Payne noted communication as a major tool he would use, outlining his philosophy that would drive the way he relayed information to both the community and the school board.

“You must always be proactive, because you want to tell your story and get out the information that’s critical to the success of those kids. If we’re not doing that, we’re not serving our kids appropriately,” he said. “For example, I currently use Twitter for our school, to put out information and congratulate our kids. When you get into that realm, you’re touching a lot of people. The vital part is you try to broadcast your communication where everybody has a chance to get it.”

Payne said he would also strive to cultivate and protect the connections between the school board and the community, including the symbiotic relationship between the system’s career technical center and local industries.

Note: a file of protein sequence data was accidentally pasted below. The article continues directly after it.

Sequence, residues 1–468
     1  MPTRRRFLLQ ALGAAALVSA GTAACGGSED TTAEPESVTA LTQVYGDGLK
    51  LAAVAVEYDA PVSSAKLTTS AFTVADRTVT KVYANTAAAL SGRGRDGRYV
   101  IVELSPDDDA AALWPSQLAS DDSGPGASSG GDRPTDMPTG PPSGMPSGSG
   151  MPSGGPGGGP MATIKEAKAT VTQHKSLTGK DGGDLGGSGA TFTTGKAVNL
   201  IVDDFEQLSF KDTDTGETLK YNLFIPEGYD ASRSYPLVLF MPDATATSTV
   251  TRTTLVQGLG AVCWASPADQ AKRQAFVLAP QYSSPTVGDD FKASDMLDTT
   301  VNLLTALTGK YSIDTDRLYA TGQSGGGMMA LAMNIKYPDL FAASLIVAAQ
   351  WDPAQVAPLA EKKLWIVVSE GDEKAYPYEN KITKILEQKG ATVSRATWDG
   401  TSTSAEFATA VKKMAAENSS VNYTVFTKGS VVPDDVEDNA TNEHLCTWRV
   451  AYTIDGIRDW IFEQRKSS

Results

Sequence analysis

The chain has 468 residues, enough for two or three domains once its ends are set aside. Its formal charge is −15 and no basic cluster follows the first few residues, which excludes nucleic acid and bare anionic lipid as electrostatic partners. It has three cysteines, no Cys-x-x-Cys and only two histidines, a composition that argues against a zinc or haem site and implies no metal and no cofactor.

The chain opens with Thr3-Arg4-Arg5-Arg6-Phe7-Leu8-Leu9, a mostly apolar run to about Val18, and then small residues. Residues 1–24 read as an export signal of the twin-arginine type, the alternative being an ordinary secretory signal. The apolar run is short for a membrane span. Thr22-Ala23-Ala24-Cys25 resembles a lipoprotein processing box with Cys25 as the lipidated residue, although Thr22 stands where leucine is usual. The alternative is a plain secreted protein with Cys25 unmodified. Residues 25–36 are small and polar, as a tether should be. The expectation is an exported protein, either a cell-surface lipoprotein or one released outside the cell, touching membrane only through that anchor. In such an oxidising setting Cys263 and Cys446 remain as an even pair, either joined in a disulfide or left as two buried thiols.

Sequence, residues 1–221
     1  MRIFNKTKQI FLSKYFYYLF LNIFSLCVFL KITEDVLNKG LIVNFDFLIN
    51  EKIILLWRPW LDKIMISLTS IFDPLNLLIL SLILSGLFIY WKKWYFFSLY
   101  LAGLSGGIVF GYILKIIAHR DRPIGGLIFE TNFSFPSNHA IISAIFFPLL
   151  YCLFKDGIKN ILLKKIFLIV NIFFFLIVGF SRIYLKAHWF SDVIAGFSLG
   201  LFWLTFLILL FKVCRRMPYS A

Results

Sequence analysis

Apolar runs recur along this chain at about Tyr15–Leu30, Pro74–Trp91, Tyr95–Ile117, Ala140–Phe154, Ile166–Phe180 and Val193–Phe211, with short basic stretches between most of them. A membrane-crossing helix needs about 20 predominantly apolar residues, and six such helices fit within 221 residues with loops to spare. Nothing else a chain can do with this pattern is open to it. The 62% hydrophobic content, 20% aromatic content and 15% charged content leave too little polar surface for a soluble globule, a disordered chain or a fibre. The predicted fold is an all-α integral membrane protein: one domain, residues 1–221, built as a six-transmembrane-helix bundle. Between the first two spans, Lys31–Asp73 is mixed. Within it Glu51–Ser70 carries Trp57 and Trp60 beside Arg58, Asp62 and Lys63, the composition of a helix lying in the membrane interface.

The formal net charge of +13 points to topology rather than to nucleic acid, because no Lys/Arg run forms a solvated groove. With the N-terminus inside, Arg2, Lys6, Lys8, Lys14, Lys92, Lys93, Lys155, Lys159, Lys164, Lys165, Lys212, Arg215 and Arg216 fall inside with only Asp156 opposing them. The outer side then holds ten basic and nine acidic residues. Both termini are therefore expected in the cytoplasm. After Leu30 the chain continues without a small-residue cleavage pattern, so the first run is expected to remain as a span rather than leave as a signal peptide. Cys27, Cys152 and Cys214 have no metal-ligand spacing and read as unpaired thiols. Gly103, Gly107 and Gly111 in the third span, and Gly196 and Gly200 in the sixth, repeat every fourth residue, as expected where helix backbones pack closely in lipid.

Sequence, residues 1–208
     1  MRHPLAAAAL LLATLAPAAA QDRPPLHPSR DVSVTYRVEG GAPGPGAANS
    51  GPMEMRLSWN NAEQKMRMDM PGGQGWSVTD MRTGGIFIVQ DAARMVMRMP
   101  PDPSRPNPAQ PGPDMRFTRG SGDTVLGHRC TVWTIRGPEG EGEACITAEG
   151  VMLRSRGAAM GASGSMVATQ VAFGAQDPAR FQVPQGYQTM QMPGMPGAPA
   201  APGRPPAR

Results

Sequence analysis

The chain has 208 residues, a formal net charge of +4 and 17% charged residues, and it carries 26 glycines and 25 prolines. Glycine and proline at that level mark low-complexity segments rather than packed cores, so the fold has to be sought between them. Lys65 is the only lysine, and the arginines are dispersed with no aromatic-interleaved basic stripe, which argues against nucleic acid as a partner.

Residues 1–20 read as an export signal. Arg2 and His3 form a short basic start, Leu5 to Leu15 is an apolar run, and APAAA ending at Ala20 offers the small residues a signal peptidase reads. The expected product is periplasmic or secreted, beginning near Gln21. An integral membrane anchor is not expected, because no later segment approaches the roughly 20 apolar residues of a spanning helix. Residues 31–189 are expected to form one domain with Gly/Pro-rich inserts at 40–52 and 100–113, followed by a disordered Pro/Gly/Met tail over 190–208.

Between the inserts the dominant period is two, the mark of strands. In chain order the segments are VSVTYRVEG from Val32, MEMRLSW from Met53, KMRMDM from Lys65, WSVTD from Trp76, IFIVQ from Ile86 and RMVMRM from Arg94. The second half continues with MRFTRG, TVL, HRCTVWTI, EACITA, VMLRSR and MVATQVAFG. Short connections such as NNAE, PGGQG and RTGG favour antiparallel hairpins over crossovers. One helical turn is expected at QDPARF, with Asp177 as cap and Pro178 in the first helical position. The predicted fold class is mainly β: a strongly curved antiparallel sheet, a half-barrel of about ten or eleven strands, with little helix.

“We need to stay committed to meeting their needs, so they stay committed to meeting ours,” he said.

When asked about his views on financial and capital project management, Payne said he would take a prudent approach to growth and spending to ensure the system is never in a position as dire as it was in recent years, when proration cut the system almost to the red.

“It’s a priority for the superintendent to ensure they’re as informed as possible on funding, sources of funding and reporting all of that back to the board,” he said. “The board and this system have gone through tough economic times in recent years, as many have, and the system has made great strides through it. We have to be accountable for every dollar raised, and every dollar that comes in through tax dollars.”

After serving a stint handling technology integration at a systemwide level, Payne said he’s become an evangelist for additional upgrades and technological programs to offer new services and devices to students. Payne touted plans for a 1:1 device initiative, as well as continued infrastructure upgrades so new platforms could be maintained.